COLUMBIA, SC — One of state health department director Catherine Templeton’s top advisers was aware in mid-April of a tuberculosis investigation in Greenwood County, but was cool to the idea of notifying the public about the issue, according to internal agency documents obtained by The State newspaper.
Jamie Shuster, the Department of Health and Environmental Control’s public health director, said in an April 18 email that her agency doesn’t tell the public of tuberculosis investigations unless there are confirmed cases of the disease – and Shuster questioned whether there were any confirmed cases in Greenwood County, agency records show.
“Why would we send a fact sheet when there are no confirmed cases? Have we confirmed a case at this point?” Shuster’s email said in apparent response to a request by then-state TB director Shea Rabley to tell the public. “Since I have been with DHEC, the only time we have sent something to a school to send home is when there is a confirmed case.”
One email, written a day earlier, April 17, by the agency’s regional tuberculosis director in the Upstate, said eight people had tested positive for tuberculosis. The email from Malinda Martin, obtained this week by The State, doesn’t reveal who received the message.
But it conflicts with a second April 17 email from Rabley saying there were no confirmed cases.
The emails obtained by the newspaper raise new questions about when high-level agency staff members knew about the probe and what they did to respond to the growing crisis in the community of Ninety Six, where more than 50 school children have tested positive for tuberculosis.
The emails also suggest confusion in the agency about how to handle the unfolding crisis.
Parents in the town are incensed that they weren’t told about the disease threat until May 28 and that their children weren’t tested for the disease until May 31. DHEC staffers learned that a school janitor had tuberculosis March 8. He is believed to have spread the disease.
Templeton freely acknowledged this week that her agency responded poorly to the tuberculosis threat, telling The State newspaper that “DHEC screwed this up.”
But she insisted that she knew little about problems that were developing until stopping at the department’s Greenwood health clinic for a routine visit May 20 and 21 with Shuster. Once aware of the problem, Templeton said she moved quickly to inform parents and test children.
The emails, however, show that Shuster was aware a month before the May 20 visit that an investigation was going on. Shuster is one of Templeton’s most trusted advisers. She was one of a handful of top administrators Templeton hired after she was named director in March 2012. Neither Templeton nor Shuster was available Friday for comment.
DHEC spokesman Mark Plowden said the agency regularly receives reports of TB and conducts investigations.
He said that in April, tuberculosis staff members had not confirmed tuberculosis. He said when Templeton and Shuster learned of “persistent problems” in May, they intervened in the investigation to speed things up. He did not address the April 17 email that said eight people had tested positive for the disease. And he did not address whether Shuster was counting the janitor’s case, diagnosed March 8, when saying there were no confirmed cases.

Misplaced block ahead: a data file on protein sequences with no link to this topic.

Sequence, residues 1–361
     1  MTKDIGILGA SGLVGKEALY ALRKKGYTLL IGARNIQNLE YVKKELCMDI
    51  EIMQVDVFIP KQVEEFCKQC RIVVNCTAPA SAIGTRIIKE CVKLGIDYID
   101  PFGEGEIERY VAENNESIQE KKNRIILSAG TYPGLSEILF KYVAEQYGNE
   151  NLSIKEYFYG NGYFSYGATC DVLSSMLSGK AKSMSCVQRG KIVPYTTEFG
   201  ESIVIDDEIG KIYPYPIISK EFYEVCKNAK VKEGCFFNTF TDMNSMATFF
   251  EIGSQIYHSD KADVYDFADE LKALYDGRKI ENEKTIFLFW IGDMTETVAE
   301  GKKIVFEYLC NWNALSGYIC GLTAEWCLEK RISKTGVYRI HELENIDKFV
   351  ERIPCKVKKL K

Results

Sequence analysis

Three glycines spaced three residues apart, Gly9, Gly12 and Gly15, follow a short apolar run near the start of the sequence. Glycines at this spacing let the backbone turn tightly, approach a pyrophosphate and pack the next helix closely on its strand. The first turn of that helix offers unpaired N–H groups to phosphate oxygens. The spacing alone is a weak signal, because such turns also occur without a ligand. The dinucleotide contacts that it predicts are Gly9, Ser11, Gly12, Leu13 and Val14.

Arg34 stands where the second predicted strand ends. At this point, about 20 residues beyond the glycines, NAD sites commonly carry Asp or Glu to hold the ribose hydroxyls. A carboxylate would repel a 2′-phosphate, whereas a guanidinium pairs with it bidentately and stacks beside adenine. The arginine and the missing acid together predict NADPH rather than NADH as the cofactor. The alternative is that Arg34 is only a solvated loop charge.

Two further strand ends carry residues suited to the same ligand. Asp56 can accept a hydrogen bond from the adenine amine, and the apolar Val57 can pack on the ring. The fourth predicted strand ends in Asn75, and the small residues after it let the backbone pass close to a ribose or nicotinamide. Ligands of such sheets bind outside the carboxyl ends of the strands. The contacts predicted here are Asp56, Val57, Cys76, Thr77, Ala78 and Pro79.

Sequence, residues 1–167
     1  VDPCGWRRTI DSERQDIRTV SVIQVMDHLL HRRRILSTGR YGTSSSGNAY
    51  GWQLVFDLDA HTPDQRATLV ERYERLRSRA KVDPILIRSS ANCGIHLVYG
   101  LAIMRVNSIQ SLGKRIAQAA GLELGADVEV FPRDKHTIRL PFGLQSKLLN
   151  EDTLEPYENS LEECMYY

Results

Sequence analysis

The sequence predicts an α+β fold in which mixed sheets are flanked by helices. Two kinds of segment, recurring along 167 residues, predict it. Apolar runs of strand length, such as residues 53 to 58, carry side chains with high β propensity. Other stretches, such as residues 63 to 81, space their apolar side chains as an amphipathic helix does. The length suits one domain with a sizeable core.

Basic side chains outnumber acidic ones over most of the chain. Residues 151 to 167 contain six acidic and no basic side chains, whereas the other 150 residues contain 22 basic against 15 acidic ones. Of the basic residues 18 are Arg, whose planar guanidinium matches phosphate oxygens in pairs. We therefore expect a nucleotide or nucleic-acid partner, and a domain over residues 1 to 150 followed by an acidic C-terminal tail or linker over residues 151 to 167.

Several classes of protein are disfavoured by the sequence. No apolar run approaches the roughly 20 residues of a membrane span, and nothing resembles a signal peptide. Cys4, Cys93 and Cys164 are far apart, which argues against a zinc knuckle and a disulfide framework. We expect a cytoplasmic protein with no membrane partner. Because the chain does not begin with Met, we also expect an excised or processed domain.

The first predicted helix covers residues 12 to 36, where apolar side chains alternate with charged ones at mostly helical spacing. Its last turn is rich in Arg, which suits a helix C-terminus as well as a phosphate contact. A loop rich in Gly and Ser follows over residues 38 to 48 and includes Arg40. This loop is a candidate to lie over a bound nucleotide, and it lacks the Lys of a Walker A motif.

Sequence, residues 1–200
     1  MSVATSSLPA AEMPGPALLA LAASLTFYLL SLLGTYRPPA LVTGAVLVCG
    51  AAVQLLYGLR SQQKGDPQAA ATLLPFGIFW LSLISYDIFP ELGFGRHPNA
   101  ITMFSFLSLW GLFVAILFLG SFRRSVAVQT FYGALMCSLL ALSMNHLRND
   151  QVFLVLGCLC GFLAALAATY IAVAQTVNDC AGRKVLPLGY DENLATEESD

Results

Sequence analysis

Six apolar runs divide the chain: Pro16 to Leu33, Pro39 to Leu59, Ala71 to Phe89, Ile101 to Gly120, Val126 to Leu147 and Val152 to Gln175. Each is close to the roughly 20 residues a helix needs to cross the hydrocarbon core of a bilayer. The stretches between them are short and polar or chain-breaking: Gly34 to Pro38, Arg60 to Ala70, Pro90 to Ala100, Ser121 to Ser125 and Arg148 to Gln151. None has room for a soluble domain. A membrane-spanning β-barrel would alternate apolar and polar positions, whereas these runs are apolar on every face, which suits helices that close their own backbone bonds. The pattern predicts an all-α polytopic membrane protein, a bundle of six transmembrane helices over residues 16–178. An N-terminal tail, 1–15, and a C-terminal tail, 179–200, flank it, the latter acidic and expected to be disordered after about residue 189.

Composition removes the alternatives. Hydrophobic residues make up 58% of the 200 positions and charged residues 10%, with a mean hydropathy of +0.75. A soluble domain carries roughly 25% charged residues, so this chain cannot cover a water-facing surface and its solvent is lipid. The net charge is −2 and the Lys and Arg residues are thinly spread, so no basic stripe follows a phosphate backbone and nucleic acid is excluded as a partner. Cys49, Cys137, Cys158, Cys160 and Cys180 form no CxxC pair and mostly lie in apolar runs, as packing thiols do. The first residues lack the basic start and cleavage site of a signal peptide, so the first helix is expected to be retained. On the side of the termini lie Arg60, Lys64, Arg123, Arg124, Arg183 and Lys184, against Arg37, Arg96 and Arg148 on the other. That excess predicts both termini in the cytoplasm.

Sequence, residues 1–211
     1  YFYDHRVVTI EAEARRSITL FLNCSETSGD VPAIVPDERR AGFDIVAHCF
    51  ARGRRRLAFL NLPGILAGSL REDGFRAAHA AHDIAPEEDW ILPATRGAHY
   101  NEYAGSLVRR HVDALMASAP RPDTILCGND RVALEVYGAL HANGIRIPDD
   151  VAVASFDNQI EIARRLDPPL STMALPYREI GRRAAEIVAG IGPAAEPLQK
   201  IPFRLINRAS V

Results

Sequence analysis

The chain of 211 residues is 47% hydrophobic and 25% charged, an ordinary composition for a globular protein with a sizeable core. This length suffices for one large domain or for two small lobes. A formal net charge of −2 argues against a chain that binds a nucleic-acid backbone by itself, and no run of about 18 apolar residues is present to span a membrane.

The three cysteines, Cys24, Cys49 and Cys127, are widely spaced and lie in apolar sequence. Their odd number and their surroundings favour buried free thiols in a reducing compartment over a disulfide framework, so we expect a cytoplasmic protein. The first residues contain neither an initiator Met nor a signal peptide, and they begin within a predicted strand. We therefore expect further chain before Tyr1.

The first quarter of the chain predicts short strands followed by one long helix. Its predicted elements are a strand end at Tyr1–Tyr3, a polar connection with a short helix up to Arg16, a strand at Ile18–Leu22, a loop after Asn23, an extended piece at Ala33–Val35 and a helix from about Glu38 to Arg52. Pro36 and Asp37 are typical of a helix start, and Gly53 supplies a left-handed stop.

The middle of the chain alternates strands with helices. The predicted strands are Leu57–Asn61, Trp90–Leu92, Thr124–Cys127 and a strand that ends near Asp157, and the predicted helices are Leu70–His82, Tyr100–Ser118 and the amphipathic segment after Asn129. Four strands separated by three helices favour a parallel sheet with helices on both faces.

Sen. Joel Lourie, D-Richland, said that kind of conflicting information is a major reason a Senate committee is looking into the matter. The Senate Medical Affairs Committee will hold a hearing Aug. 8 with DHEC on how the agency responded to the tuberculosis outbreak in Greenwood County.
Lourie said “it appears the top levels of management at DHEC, including both Miss Shuster and senior media relations people, knew there was a problem. We look forward to Mrs. Templeton coming in three weeks to help us understand what breakdowns occurred, and why personnel changes were made.”
Templeton told The State earlier this week that she fired four workers most responsible for the failed response. Those included Rabley, who worked in Columbia, as well as regional nurses Martin, Latrinia Richard and Anne Ashley.
The latter three have sued DHEC, saying they were stymied by bureaucrats in Columbia in attempts to speed the tuberculosis investigation. DHEC said in response to the lawsuits that the nurses broke policy, in one instance by failing for six days to launch a tuberculosis investigation after receiving confirmation of the sick school janitor on March 8.
Lourie, a past critic of Templeton’s, said the DHEC director “certainly should have known” about the DHEC probe early in the spring.
Meanwhile, Sen. Vincent Sheheen, a Democratic candidate for governor from Camden, raised the Greenwood TB probe during a speech Friday in Conway.
If DHEC had handled a tuberculosis probe at his children’s school like it did in Greenwood, “I wouldn’t just be furious, I might be in trouble right now,” Sheheen said. “That’s how angry I am and how angry I hope the people of South Carolina are because we deserve so much better than that.”
Tuberculosis is a disease spread through the air, typically by coughing or breathing. People in close proximity can breathe in the germs and become infected. The disease can be fatal, although rarely is if treated with the proper medication. It can take six to nine months to complete medication for the disease.
The children from Ninety Six Primary School are being treated, and DHEC plans follow up tests later this summer.
DHEC has not shared TB-related documents with The State. The agency has yet to fulfill a June 10 Freedom of Information Act request for written exchanges with the school district.
Staff writer Adam Beam contributed to this story.